Saturday, October 29, 2016

Accelerated Mobile Pages (AMP): Everything You Need to Know

Google changes the layout of its desktop and mobile SERP (search engine results page) periodically. You may or may not notice these changes, but even the most seemingly mundane SERP calibration can influence website rankings.

That is, if any change to the SERP can be viewed as "mundane." At the Organic SEO Blog we tend to view all SERP changes as vitally important.

Last February, Google announced two important changes to the desktop and mobile SERPs, respectively. At the time, we reported on the desktop change, which limited the number of paid advertisements on the SERP:

"Traditionally, a Google SERP included up to eleven paid advertisements and eleven (or more) organic results," we reported. "The search engine...will no longer display ads on the right side of the page. The change now limits SERP ads to a maximum seven-per-page--three (or four, in cases of highly "commercial queries") above the organic search results and three below the organic search results."

This change had implications for both paid advertisement and organic SEO campaigns. To read more about the change, read "Google is Changing the SERP: What You Need to Know."

Around the same time, Google announced a change to the mobile SERP, which predominantly effected news sites. The search engine would now display Accelerated Mobile Pages (AMP) on the top of the SERP.

AMP is a Google-backed open-source initiative that empowers website to create pages that "render fast," as the AMP site says.

"For many," the site also states, "reading on the mobile web is a slow, clunky and frustrating experience - but it doesn’t have to be that way. The Accelerated Mobile Pages (AMP) Project is an open source initiative that embodies the vision that publishers can create mobile optimized content once and have it load instantly everywhere."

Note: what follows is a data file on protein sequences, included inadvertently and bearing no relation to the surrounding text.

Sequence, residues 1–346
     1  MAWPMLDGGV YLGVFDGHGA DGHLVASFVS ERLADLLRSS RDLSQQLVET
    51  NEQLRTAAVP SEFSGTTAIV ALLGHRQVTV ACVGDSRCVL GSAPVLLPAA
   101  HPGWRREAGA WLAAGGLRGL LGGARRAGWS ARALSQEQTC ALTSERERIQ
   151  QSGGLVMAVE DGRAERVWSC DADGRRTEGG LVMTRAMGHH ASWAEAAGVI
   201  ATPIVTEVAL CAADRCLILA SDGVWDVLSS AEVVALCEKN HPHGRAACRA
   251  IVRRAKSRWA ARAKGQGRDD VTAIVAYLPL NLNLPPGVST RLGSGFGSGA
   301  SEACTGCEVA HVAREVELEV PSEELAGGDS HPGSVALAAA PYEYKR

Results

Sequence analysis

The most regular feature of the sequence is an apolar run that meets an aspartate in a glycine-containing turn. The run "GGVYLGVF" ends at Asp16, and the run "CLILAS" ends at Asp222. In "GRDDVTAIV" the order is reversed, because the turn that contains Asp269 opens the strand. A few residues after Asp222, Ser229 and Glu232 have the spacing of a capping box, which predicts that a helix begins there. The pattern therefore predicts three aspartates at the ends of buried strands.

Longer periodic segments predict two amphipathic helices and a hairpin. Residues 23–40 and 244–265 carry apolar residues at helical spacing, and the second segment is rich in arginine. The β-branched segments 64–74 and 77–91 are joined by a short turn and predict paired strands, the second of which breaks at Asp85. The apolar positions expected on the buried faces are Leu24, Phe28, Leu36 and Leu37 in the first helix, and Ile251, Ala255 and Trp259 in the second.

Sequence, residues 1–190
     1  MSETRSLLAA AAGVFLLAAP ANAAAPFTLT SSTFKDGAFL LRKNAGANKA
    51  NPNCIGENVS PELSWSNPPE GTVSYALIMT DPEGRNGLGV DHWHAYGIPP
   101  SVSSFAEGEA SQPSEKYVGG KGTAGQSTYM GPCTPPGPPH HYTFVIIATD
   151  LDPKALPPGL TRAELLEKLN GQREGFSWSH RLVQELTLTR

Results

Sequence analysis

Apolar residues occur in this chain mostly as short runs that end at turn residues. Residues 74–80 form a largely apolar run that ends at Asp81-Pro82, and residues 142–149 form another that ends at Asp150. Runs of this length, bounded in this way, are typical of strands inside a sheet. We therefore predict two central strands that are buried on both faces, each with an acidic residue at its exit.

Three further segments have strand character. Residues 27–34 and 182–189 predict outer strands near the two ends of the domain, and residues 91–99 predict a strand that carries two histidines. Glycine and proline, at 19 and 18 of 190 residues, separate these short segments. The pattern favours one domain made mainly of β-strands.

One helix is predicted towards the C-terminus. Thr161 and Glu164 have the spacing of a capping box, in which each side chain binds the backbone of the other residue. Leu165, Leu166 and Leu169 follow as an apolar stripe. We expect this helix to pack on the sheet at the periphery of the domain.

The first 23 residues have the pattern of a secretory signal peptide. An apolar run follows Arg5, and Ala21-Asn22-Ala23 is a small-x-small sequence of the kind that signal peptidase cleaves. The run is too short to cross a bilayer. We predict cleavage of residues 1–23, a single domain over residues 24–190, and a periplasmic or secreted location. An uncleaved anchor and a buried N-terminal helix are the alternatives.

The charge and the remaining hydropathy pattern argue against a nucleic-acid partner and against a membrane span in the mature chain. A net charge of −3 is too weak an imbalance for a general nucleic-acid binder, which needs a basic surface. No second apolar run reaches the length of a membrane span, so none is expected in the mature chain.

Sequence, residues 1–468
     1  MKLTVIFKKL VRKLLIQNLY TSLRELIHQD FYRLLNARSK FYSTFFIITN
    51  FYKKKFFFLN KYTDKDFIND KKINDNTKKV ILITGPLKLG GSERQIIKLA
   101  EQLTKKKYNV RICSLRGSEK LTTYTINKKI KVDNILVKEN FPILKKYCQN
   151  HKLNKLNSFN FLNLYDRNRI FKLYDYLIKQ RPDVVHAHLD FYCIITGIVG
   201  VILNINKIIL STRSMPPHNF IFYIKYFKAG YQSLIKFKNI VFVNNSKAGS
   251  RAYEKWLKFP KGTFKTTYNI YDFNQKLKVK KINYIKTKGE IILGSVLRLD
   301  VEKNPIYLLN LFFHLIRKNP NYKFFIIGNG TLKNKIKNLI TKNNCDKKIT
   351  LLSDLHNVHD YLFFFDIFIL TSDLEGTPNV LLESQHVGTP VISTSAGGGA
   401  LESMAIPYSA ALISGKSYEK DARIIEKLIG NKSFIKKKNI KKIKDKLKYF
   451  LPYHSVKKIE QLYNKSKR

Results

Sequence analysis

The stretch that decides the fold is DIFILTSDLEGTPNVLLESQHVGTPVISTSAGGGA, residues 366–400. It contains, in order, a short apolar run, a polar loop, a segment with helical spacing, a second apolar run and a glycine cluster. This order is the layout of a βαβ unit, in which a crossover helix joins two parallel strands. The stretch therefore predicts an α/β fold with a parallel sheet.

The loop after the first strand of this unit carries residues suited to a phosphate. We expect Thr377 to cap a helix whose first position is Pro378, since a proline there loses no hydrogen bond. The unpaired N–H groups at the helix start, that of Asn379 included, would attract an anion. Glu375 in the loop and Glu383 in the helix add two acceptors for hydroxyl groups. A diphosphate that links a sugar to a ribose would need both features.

With AMP, sites strip down pages to the essential content. In highlighting AMPs, Google was trying to advance its perennial goal: to improve the browser experience, or as Google's vice president of news, Richard Gingras, puts it, "to drive the ecosystem forward."

Great news for browsers! The AMP style, however, has not necessarily worked for the news sites. As The Wall Street Journal reported yesterday, some news organizations are seeing a loss in ad revenue:

"For some publishers...AMP pages do not currently generate advertising revenue at the same rate as their full mobile sites. Multiple publishers said an AMP pageview currently generates around half as much revenue as a pageview on their full mobile websites. That’s largely because of limitations related to the types of ad units AMP pages will allow and the ad technology providers that are currently integrated with the platform."

In simplifying the browser experience, then, Google is "advancing the ecosystem" at the expense of certain news organizations revenues. Now, not all news organizations have lost revenue. CNN, for example, has noted that visits to both the AMP pages and the full mobile site monetize at the same rate.

The takeaway, however, is that Google's relentless pursuit of an optimized browsing experience will not yield, even at the news of lost revenues--for other companies, that is. As always, to compete on Google, you must evolve.

You may have noticed AMP results at the top of your search results on your mobile device (first picture above). The AMP pages are intended to offer a cleaner, faster browsing experience (second and third pictures above). [Photo Source]

The AMP pages are here to stay, and news organizations are not the only sites that need to pay attention to the changes. Just this week, Search Engine Journal reported that AMP pages will be included in organic search results worldwide:

"When people are searching on a mobile device," Matt Southern writes, "Google search results will automatically default to displaying the AMP version of a page (if one is available). This change means a significant amount of new exposure for AMP pages; possibly leading to more traffic, revenue, and so forth."

The key here for your business is the quote in the parentheses: if one is available. Again, AMP is an open source code, available to any web developer. AMP optimization is not automatic for your site. You'll need to create new AMP pages to take advantage of this new change to the SERP.